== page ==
Brambletyne’s A-J Foulkes has brought together a group of some of the most exciting artist on the UK small press scene to create Project Autumn #1, the first instalment of his long awaited story about a man jumping between worlds. But can Foulkes and his cream of the artistic crop produce a book which matches both the talent and the hype?
Publisher: Brambletyne Studios
Writer: Adam-James Foulkes
Artist: Emma Vieceli, Lynne Triplett, Nich Angell, Sonia Leong, Phil Buckenham, Daniel Attard, Davy Shirley, Nikki Stu, Matt Dyson, Ade Brown
Price: £5.00 at www.Brambletyne.com
Our rating: [star rating=”3.5″]
Project Autumn tells the story of Orion, a troubled young man with a love of video games, who finds himself ‘volunteered’ to become a ‘Sunsetter’, a being whose job is to destroy worlds which have been flagged as ready to end. So, with assistance and guidance of a faceless interface, Orion finds himself transitioned between many different worlds, all of which are on the verge of ending and require his not so subtle influence to push them over the edge. However, will Orion find himself a vocation to which he is ideally suited to and, if so, what will he gain from it and, ultimately, what might it cost him?
Project Autumn is an enjoyably frenetic, fast paced story which feels incredibly immersive and epic. The pace here goes nought to sixty straight from the get go as writer A-J Foulkes gives us a plot which feels very much like Assassin’s Creed crossed with Sliders, maybe with a touch of Reapers mixed in, though on a grander scale. However, despite the breakneck pace the book gives off, it is bogged down somewhat by the cluttered writing. This is a title which fits a great deal into it and, while exposition is necessary, it sometime feels like more is used than is necessary instead of simply allowing the story to unfold naturally. That said, the finale, while not a cliffhanger leaves a lot of questions to tease the reader back, as the information given sets up some interesting growth going forward, notably in the expansion of the two main characters.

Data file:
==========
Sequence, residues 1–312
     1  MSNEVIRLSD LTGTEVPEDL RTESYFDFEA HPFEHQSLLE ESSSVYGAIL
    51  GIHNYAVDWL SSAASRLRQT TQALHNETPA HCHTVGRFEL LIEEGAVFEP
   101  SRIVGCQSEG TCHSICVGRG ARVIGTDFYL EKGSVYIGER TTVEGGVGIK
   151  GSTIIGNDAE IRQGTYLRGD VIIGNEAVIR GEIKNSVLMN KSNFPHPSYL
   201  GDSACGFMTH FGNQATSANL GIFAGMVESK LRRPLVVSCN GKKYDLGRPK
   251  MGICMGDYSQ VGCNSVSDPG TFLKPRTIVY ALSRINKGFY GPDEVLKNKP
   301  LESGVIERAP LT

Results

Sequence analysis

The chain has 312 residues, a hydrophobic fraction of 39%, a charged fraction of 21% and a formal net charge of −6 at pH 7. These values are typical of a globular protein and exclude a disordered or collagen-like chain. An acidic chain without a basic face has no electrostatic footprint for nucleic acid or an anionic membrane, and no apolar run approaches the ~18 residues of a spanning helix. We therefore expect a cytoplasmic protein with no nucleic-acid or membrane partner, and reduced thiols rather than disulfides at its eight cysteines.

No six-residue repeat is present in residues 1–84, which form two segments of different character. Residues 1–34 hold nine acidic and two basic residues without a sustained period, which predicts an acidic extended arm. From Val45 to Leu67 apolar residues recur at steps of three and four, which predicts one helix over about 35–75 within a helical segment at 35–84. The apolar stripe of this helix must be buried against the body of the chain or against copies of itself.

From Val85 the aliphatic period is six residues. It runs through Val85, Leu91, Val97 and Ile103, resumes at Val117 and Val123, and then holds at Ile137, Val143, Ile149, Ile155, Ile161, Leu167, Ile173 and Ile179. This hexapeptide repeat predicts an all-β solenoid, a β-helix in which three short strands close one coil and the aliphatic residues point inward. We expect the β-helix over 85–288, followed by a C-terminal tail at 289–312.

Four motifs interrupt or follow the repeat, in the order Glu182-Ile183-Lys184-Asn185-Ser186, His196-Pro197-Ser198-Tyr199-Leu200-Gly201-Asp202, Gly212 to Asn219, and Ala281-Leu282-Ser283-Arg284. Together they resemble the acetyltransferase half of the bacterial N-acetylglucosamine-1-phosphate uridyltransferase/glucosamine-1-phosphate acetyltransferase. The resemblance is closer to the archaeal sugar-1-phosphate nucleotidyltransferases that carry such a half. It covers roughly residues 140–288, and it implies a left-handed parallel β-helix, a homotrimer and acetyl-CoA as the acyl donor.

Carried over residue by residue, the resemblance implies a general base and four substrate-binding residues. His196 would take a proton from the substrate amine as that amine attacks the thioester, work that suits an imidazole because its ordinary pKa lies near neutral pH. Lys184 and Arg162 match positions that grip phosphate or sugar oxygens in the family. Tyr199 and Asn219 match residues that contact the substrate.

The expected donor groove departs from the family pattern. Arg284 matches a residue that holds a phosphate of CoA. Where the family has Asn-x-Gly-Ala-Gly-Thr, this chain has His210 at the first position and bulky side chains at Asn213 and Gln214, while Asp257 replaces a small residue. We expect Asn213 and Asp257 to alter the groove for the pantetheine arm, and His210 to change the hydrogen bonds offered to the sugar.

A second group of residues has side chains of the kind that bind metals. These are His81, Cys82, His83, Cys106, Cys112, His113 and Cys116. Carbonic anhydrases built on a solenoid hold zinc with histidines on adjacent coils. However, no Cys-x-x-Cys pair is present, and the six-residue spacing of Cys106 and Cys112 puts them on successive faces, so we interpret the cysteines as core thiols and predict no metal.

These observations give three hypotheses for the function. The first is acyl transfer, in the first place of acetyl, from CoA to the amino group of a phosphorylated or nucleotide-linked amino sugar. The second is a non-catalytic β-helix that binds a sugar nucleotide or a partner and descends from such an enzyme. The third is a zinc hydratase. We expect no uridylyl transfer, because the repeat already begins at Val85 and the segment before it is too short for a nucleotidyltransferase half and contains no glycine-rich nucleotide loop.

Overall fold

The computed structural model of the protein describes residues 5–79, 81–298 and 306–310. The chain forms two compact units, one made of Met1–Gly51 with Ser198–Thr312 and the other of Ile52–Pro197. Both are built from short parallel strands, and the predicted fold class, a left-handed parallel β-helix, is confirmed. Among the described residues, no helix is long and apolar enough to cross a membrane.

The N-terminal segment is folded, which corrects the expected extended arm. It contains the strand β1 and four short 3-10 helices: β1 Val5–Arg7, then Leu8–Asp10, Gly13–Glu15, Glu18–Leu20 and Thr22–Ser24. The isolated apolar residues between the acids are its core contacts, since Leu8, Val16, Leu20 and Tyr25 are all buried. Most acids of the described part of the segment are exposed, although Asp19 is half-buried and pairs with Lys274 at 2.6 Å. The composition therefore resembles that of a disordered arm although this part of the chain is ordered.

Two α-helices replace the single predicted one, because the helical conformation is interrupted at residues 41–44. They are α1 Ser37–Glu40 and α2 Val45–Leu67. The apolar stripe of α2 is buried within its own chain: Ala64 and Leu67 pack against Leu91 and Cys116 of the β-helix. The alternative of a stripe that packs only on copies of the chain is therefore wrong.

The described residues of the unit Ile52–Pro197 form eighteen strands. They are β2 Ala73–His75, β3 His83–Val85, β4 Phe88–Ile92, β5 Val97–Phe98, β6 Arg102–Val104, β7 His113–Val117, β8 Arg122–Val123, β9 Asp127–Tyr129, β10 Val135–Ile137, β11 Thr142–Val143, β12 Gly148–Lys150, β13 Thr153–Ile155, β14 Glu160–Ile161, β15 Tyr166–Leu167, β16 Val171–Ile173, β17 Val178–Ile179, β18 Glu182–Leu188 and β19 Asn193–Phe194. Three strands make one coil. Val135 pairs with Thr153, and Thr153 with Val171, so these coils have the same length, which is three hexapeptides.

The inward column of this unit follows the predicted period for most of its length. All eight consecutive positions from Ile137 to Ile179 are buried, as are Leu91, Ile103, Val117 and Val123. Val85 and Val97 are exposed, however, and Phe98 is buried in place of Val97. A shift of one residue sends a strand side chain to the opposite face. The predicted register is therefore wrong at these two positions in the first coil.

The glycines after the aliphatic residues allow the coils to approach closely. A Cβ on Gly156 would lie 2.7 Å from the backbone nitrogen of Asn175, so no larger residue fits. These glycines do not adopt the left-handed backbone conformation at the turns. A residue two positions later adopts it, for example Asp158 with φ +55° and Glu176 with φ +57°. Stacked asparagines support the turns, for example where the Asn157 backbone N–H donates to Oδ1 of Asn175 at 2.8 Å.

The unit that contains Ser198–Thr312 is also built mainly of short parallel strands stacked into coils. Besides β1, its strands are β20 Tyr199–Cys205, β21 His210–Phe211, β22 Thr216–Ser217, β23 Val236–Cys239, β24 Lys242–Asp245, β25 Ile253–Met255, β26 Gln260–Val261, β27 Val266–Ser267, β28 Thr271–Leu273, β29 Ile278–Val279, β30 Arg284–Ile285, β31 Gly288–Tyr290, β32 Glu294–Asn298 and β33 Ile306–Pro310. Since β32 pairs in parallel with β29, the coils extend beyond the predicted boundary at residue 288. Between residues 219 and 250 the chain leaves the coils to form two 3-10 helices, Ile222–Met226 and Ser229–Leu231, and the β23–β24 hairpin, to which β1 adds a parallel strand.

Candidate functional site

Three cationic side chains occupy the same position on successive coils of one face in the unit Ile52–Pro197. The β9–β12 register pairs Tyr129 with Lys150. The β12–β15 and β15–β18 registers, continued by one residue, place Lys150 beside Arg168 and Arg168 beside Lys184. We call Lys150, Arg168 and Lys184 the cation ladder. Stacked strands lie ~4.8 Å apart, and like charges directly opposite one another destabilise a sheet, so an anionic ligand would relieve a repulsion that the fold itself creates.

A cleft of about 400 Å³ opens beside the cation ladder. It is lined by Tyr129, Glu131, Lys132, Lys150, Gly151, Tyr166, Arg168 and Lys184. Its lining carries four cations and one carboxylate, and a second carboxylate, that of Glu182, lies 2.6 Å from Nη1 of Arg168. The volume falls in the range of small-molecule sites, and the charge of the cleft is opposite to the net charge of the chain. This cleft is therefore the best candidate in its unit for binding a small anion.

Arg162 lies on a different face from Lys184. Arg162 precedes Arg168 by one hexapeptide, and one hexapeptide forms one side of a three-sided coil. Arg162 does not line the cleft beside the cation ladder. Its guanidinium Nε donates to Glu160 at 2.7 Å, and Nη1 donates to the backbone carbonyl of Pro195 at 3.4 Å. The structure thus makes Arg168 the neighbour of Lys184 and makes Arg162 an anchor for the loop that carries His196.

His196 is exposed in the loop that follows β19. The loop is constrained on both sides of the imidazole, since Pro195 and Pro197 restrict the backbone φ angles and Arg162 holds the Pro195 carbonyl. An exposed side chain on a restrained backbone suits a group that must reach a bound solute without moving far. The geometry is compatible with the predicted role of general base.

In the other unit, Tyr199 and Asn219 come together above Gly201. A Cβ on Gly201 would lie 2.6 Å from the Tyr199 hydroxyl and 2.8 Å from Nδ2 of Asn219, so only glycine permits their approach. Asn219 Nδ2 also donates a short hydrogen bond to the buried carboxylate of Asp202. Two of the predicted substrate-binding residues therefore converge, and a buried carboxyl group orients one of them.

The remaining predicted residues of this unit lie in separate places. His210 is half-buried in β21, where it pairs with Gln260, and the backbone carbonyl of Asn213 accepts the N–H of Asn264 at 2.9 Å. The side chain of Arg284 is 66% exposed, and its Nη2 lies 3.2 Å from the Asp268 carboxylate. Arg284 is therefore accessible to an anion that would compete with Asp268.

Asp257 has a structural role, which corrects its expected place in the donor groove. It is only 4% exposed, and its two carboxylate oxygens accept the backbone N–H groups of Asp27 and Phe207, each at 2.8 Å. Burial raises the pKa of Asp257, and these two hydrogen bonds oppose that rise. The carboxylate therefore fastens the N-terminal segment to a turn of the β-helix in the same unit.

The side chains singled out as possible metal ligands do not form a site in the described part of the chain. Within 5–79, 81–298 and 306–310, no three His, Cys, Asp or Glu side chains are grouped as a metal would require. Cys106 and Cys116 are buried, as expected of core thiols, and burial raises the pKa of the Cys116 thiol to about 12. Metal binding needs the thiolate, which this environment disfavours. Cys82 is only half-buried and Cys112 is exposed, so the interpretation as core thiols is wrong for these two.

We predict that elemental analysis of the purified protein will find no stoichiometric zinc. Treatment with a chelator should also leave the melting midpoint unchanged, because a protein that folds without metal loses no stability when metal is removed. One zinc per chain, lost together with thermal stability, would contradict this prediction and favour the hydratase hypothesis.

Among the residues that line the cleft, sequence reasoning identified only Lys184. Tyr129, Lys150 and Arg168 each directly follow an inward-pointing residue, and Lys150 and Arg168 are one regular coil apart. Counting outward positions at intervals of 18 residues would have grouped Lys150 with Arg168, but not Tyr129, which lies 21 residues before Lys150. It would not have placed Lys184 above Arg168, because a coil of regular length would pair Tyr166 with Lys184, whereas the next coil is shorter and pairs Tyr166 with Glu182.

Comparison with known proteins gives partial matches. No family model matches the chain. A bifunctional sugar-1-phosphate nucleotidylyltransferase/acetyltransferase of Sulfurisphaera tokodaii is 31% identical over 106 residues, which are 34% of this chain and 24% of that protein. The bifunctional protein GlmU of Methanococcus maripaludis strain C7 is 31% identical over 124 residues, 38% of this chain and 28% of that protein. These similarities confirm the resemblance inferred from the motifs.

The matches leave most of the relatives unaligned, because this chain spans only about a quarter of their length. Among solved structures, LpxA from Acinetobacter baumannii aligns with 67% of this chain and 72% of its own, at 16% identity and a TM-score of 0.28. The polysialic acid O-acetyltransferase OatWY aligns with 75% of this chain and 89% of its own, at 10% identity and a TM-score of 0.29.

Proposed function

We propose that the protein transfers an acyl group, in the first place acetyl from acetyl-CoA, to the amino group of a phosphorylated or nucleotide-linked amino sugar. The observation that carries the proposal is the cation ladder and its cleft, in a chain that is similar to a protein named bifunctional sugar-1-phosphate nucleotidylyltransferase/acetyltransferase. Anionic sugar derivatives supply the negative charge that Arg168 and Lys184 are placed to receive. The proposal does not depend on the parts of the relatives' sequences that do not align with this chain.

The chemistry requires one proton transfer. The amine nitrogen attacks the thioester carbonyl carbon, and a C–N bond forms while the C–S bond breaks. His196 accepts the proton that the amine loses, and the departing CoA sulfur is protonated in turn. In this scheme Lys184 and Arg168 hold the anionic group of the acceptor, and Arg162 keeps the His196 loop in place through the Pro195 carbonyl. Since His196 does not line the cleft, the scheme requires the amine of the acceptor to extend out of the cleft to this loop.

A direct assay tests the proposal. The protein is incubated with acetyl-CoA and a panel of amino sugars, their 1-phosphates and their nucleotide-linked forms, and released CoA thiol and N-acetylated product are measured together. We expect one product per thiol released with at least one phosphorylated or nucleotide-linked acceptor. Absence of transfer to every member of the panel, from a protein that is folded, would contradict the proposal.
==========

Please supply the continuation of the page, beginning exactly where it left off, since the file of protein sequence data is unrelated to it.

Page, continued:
As for the art, which shows each of the army of artists on board draw pages based upon which world the story is focusing on, while it may have initially been the draw to the book, it’s safe to say after the execution that that aspect is delivered here without fault. Despite there being numerous styles of multiple talent on display, each and every one steps up to provide something beautiful. What’s more, each style looks to have been perfectly matched to its respective world, particularly Lynne Triplett whose unique, manga inspired artwork meshes perfectly in the techno world visited. Sadly, if there is one problem with the art it is that of a lack of space as all ten artists, dishing up the pages between them, rarely get the space to make much impact, the notable exception being the half page splash of a dragon. That said though, this first issue feels like a taster of things to come and, if each artist gets more space, it’s highly probable that each one will be bringing something special.
Project Autumn #1, despite a few niggles, is a fun comic book which nicely showcases the talents of Small Press’ top artists while laying the groundwork for a truly original and interesting story. If you are a fan of an exciting tale, or simply a lover a great art then get this book, because you’ll find both of these in spades.